Assuming the Voluntary Disclosure Practice is the best means for addressing non-compliance, taxpayers should be advised that they will likely be subject to a subsequent civil examination – at least for the tax years or conduct being disclosed.  Though the Practice may mitigate criminal exposure, it does not prevent or necessarily affect the IRS’ decision-making with regard to the assessment of potentially significant additional taxes and penalties.  Therefore, if the disclosure is not handled carefully, a taxpayer could unnecessarily expose themselves to a civil fraud penalty (75% of the tax assessed) instead of a negligence or accuracy-related penalty (20% of the tax assessed) or no penalty at all.  It could also lead to the adjustment of tax items that are not necessarily a part of the disclosed conduct.  This additional exposure could result from the disclosure of facts that are not necessarily required by the Practice, or might not otherwise be exposed in the subsequent civil examination, and could lead to a taxpayer owing a substantial amount to the IRS.  In addition, a myriad of other civil penalties for submission of inaccurate or false information documents could also be assessed if a taxpayer does not disclose his non-compliance in the most efficient manner.  Taxpayers need to be aware that the process does not simply end after the conduct has been disclosed and it may be a year (or longer) until the matter is resolved.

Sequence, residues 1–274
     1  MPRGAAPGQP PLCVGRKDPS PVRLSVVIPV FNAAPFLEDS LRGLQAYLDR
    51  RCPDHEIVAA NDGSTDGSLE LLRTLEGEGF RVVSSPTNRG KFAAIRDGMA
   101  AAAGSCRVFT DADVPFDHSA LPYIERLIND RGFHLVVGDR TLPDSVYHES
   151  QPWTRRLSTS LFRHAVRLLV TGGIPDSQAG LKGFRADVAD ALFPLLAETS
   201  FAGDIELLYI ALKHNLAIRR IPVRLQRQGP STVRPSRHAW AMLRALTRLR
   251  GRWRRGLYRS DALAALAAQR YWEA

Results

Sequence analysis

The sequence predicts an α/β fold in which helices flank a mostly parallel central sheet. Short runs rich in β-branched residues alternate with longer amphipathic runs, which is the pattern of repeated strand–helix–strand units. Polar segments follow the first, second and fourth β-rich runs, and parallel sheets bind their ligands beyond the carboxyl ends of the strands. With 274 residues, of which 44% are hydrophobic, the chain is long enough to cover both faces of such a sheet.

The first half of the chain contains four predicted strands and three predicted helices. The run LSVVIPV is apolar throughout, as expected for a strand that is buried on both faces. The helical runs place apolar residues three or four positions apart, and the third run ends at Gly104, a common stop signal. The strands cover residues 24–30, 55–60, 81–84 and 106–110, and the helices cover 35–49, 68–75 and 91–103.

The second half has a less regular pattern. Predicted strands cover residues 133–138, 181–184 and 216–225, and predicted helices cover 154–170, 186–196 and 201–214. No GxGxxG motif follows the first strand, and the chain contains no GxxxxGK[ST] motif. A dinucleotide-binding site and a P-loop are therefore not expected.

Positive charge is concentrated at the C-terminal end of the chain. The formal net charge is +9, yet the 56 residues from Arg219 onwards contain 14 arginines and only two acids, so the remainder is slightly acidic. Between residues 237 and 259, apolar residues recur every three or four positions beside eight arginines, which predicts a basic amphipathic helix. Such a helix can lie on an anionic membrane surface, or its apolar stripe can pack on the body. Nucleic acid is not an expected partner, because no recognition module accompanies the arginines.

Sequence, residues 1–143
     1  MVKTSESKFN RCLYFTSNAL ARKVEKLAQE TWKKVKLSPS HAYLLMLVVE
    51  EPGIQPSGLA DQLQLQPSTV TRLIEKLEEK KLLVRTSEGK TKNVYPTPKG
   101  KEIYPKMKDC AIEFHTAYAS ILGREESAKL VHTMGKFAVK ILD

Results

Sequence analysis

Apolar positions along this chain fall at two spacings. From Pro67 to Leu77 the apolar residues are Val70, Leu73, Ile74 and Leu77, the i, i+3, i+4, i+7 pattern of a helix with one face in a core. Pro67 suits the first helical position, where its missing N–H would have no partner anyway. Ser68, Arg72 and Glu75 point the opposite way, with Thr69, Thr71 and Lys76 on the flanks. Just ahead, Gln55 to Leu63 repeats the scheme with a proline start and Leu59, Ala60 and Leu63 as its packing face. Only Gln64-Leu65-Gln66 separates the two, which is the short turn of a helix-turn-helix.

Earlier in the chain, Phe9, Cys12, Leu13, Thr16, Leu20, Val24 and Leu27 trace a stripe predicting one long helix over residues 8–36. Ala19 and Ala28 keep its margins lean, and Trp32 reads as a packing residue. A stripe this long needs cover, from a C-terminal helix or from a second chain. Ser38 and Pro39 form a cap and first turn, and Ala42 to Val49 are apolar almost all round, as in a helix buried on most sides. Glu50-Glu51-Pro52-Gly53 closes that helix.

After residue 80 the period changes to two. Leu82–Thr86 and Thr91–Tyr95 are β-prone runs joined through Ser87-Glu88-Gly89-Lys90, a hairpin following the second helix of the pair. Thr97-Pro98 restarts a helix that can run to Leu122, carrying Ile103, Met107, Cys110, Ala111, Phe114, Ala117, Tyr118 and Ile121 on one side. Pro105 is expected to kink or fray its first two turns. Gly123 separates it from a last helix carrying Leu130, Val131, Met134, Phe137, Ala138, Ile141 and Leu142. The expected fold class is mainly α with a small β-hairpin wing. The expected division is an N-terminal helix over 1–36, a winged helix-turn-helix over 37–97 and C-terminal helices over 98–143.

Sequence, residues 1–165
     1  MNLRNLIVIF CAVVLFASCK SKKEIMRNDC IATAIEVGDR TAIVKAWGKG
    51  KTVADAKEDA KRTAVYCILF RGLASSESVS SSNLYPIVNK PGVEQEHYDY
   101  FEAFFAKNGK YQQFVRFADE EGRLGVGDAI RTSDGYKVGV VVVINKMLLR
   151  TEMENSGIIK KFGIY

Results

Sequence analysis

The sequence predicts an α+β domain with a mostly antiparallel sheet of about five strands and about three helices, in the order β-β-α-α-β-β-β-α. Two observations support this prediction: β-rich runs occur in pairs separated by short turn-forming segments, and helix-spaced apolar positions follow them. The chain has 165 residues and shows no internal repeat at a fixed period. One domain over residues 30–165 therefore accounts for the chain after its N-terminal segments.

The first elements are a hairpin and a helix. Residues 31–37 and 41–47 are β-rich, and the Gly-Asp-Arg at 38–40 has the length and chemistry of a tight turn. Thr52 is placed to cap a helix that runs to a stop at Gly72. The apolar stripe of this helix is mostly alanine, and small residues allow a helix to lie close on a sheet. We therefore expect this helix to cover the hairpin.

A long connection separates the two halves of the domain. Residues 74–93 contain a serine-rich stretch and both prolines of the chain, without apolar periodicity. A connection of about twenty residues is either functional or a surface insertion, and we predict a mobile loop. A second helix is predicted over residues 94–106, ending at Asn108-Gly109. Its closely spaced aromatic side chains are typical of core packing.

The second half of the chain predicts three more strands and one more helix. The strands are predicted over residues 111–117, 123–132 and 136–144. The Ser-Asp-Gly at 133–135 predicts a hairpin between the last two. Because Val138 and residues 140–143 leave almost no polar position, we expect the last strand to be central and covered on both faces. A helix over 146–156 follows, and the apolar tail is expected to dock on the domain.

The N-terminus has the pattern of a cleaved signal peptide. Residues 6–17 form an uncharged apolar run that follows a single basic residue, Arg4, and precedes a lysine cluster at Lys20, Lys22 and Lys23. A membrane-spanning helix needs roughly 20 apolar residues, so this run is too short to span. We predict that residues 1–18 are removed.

Finally, information from the closing of the civil examination with the IRS will often be shared by the IRS with state taxing authorities.  Therefore, taxpayers must also consider addressing their related state tax non-compliance at the appropriate time.  Depending upon the criminal exposure at the state level (if any), non-compliance can often be addressed through a parallel voluntary disclosure practice, by filing amended returns for the affected years, by addressing the issue prospectively, or through another means.  As with the Voluntary Disclosure Practice, careful consideration must be made in addressing these issues as well.

These descriptions are provided for informational purposes only.  If you have past tax non-compliance, you should contact a tax attorney.  For a free consultation, please contact Brandon Mourges at 410.951.1149 or